Crow’s Eye View, the first exhibiton featuring both North and South Korea, is inspired by a poem by the architect/turned-poet Yi Sang. Curated by Misuk Cho, the Korea’s golden-lion-winning Pavilion at Venice Architecture Biennale underlines the contrast to the singular and universalizing bird’s eye view perspective and points out the impossibility of a cohesive grasp of not only the architecture of a divided Korea but the idea of architecture itself. http://www.korean-pavilion.or.kr/14pavilion/ http://labiennale.org
In the immediate aftermaths of World War II, the Korean Peninsula was divided in two. Within Cold War polarizing system, a society and culture that had maintained an unified state entity for more than a millennium evolved two radically, divergent-yet-irrevocably interconnected systems on a economic, political, and ideological perspective.
The pavilion is divided in four main areas. The first one is Reconstructing life and begins immediately after the Korean War where both South and North Korea were devasted by bombing and destruction.
If old Pyongyang was destroyed by bombs dropped from the sky, the historical landscape of Seoul was destroyed on the ground by bulldozers. After three decades of high state-driven growth, Seoul has become a hybrid metropolitan city. Reconstructing Life takes a glimpse at the common and divergent ways the reconstructed architectural environment of Seoul and Pyongyang.
The second part of the exhibtion is Monumental state and it is focused on monumental architecture in North and South Korea. On a side Pyongyang is the ultimate city of monuments, a city planned upon the ideals of socialism, on the other one, Seoul exploited the values of contemporary globalization.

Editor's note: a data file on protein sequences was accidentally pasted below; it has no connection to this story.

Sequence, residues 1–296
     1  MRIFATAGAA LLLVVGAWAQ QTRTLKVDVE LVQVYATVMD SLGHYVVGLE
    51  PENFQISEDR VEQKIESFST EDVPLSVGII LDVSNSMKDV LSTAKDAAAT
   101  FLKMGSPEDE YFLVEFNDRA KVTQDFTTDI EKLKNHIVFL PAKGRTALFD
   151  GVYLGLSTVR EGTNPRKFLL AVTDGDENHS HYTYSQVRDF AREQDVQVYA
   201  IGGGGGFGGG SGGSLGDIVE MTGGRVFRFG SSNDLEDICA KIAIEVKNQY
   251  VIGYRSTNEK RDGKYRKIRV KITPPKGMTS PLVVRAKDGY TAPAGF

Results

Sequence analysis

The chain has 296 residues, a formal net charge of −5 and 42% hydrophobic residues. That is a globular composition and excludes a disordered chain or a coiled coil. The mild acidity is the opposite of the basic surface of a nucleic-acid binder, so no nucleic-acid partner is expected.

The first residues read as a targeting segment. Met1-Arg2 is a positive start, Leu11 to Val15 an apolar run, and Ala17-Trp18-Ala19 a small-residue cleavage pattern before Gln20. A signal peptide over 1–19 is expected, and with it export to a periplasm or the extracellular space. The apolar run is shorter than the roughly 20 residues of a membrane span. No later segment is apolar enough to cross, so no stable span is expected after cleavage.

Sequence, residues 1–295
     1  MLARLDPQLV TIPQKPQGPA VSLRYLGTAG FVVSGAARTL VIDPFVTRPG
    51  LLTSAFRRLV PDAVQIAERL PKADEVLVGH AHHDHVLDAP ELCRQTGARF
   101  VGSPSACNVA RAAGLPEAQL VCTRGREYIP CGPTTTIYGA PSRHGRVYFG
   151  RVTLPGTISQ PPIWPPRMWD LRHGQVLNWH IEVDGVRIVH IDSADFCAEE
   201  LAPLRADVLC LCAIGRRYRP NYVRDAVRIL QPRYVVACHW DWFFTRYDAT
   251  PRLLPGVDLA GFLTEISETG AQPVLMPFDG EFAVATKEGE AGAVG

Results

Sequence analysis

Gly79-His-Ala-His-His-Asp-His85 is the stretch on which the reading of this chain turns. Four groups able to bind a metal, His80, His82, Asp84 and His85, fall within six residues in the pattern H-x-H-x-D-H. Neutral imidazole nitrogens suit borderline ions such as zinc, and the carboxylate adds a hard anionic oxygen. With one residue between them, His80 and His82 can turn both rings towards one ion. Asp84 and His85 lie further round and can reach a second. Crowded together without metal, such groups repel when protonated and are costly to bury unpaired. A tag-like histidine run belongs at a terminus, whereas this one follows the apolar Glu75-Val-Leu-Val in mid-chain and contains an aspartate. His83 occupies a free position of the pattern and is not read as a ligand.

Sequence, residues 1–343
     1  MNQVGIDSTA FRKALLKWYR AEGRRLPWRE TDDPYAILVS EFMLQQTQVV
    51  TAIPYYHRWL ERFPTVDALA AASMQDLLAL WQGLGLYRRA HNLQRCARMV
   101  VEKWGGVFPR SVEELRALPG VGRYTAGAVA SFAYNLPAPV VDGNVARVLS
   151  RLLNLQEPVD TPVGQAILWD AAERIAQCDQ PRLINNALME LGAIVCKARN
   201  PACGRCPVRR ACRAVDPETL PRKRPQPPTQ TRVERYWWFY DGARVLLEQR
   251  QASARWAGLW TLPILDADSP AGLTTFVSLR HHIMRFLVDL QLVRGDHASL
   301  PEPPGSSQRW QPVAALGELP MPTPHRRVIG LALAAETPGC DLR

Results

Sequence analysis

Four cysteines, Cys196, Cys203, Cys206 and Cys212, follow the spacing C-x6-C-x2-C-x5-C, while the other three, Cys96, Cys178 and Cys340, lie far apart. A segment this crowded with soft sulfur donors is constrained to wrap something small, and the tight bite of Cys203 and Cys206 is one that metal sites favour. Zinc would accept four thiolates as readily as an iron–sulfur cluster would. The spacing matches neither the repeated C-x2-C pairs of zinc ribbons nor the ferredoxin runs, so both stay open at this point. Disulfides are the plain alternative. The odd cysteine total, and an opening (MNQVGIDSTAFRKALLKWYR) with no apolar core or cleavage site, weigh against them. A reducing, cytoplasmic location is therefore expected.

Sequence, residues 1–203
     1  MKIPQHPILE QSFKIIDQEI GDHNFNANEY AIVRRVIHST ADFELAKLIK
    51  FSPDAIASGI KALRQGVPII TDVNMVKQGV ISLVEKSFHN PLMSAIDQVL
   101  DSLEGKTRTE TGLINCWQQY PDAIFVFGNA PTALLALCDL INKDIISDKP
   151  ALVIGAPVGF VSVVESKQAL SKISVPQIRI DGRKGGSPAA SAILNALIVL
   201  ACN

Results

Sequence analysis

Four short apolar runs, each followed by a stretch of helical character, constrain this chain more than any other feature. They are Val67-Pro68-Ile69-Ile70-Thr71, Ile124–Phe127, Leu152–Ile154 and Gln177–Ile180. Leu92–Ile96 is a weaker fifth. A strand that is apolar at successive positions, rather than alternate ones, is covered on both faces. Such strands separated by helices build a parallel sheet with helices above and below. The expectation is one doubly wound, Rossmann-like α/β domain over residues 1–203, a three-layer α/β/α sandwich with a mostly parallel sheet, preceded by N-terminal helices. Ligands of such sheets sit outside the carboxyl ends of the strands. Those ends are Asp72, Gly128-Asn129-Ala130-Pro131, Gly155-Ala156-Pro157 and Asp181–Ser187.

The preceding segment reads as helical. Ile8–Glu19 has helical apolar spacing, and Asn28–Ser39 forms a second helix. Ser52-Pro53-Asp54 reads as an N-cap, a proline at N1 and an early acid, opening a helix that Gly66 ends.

The third section is dedicated to the DMZ (De-Militarized Zone) border that still divides two once united yet extremely different countries both phisically and politically. The exhibition features an emblematic research on an ecological and social-network level between North and South Korea.
The last section is called Utopian tours features Nick Bonner’s selected artwork. Committed to projects that seek to engage with the everyday life of North Korea, Bonner had the chance to visit both Koreas experiencing and developing an extensive, neutral and non-patronising attitude toward the North and South sides of the same peninsula.
“The trauma of war and adversarial politics have too often sensationalized and over-simplified this condition, reproducing clichés and prejudices that obscure the complexity and possibilities that lie in the Peninsula’s past, present, and future. In the Korean Pavilion, the architecture of North and South Korea is presented as an agent – a mechanism for generating alternative narratives that are capable of perceiving both the everyday and the monumental in new ways” Comment curator Misuk Cho.